- Associated Press - Wednesday, September 28, 2016

Recent editorials from North Carolina newspapers:


Sept. 26

The Charlotte Observer on Charlotte police body cameras:

Ever since then-Chief Rodney Monroe successfully lobbied Charlotte’s City Council last year to spend $7 million on 1,400 new body cameras, there have been questions about whether the Charlotte-Mecklenburg Police Department should dump its aging dashboard cameras.

Monroe envisioned body cameras eventually replacing dash cameras. The dash cameras, more than 650 of them as of late 2015, are too old to maintain and repair. Estimated cost for a new system: $5 million.

Considering the protests of the past week, the City Council should shelve any thoughts of ditching dash cameras.

Julie Eiselt, head of the council’s public safety committee, told The Observer’s Steve Harrison on Sunday that Chief Kerr Putney, who succeeded Monroe, is open to keeping the dash cameras.

Good. Public trust in CMPD has been battered on some fronts amidst the turmoil over the Keith Lamar Scott shooting. Transparency must be the department’s watch-word going forward, and dash camera footage provided the most informative video of Scott’s fatal encounter with officers.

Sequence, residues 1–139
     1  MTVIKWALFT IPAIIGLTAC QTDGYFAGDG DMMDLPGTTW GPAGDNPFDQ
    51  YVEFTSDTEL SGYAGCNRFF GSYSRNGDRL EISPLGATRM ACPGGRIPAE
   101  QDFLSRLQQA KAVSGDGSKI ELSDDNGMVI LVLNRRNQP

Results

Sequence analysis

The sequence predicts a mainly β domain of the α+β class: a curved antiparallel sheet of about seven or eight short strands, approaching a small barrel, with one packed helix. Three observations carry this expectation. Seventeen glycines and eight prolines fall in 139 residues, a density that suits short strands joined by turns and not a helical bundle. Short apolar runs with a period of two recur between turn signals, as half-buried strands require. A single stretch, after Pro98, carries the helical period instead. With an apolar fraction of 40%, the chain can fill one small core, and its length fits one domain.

The dash camera video, unlike the choppy body camera video, showed Scott at the precise moment police opened fire. It didn’t answer every question, but it provided at least a few key facts.

While the dash cam video doesn’t explicitly show whether Scott had a gun or a book in his hand, it does show officers repeatedly yelling at him to drop a gun. It shows Scott was backing up at the time he was shot. That’s valuable information.

At a time when social media can light unfounded rumors ablaze, even scraps of factual evidence can help people feel their way toward the truth. That’s important.

If that video had been quickly released to the public, would that have been enough to overcome the social media-fueled narrative of a black man gunned down by police while he was simply reading a book? Maybe, maybe not. Absent the dash cam video, would citizens be further from understanding the truth of what happened? Definitely.